While the financial crisis is putting pressure on retirement savings, a positive trend in South Africa is that net retirement savings have reached their highest levels in a decade, according to Sanlam Employee Benefits on Wednesday.
The latest survey shows that net savings were at 12.4% in 2002 and then underwent a decline to 2008 before gradually picking up to a current level of 12.6%.
But Daniel van Zyl, head of Guaranteed Products, said this was still too low and needed to be 15%.
Lower growth due to the financial market conditions will result in less disposable income, so saving has to increase, said chief executive of Sanlam Structured Solutions, Dawie de Villiers.
The survey also found that the changes made in the 1990s to shift the risk and responsibility of retirement savings from the employer to the employee, have left many employees worse off.
Of concern is that of the one in five members who switched jobs, 70% cashed in their retirement fund.
Van Zyl says more guidance is needed from industry to ensure members make wiser financial decisions. He says one positive is that the moves to greater consolidation are bringing costs down, and hence improving returns.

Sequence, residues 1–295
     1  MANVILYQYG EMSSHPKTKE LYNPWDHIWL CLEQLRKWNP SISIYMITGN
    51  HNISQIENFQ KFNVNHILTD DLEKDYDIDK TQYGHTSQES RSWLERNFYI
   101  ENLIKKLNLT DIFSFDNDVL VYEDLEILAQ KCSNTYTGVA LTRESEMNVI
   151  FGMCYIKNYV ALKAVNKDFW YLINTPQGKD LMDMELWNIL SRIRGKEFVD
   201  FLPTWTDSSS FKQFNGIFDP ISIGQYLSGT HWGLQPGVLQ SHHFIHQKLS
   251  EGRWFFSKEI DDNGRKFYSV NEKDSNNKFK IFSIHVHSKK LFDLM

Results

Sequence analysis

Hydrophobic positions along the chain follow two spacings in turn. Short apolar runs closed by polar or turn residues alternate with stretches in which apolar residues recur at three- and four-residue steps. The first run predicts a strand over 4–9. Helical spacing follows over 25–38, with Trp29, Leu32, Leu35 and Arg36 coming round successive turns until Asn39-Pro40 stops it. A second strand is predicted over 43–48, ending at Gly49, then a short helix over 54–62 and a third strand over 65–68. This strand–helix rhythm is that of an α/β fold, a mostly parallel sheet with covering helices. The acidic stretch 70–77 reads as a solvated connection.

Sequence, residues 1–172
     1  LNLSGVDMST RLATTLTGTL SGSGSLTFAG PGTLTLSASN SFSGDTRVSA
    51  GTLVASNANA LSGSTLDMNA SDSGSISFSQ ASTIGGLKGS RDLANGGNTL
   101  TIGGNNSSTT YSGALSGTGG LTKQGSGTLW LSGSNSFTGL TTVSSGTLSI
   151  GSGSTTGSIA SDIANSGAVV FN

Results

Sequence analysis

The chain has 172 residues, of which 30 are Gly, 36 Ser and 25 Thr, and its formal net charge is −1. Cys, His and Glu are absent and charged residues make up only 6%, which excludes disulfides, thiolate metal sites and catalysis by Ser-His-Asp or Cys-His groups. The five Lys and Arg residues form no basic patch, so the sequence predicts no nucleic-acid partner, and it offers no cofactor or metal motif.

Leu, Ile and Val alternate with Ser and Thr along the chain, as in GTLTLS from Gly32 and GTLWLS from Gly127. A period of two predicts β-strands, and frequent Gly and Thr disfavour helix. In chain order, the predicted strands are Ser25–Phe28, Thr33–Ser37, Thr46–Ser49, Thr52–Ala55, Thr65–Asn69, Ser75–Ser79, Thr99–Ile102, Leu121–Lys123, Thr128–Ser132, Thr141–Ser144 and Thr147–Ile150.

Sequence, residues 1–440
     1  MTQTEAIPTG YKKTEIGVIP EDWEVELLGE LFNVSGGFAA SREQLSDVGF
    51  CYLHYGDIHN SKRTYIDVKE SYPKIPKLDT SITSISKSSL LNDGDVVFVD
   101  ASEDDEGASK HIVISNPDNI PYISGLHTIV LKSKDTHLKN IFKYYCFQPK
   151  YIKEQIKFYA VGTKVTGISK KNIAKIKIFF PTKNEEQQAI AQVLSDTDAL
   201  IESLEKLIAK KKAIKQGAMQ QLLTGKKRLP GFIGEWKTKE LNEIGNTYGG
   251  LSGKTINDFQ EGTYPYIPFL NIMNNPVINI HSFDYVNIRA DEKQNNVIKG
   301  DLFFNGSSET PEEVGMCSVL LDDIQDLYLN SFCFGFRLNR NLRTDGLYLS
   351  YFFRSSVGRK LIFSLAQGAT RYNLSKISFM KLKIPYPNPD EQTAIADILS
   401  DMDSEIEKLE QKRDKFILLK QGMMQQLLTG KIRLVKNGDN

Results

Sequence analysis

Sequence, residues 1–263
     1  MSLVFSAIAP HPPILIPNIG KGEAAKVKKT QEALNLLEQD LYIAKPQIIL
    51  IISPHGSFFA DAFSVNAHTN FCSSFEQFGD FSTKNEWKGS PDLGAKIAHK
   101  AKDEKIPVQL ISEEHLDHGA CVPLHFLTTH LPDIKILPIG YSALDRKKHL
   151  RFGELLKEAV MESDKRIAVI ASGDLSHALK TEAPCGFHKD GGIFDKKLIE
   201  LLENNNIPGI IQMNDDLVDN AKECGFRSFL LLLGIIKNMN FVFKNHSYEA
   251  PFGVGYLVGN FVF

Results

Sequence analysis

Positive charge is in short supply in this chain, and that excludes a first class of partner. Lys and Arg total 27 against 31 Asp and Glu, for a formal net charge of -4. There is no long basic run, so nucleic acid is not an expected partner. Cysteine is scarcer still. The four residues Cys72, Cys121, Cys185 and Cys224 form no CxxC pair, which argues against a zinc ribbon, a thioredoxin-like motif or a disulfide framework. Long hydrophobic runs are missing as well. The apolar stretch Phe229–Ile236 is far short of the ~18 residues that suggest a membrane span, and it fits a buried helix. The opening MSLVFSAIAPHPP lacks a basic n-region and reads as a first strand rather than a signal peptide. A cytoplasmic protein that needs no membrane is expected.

But De Villiers cautions that simply switching to cash holdings in a crisis could lead to low net returns and worsen positions. He says it is crucial to ensure there is consistent exposure to growth assets.
David Gluckman, managing director of Sanlam Umbrella Solutions, says that to ensure a salary replacement ratio of 75% real returns of 4% are needed over 35 years.
Van Zyl believes net savings of 15% can happen in the next 10 years, which will result in many more people achieving the requisite 75% replacement ratio. Despite the current improvement, over 90% of South Africans have been found shy of the 75% ratio, according to some independent studies. — I-Net Bridge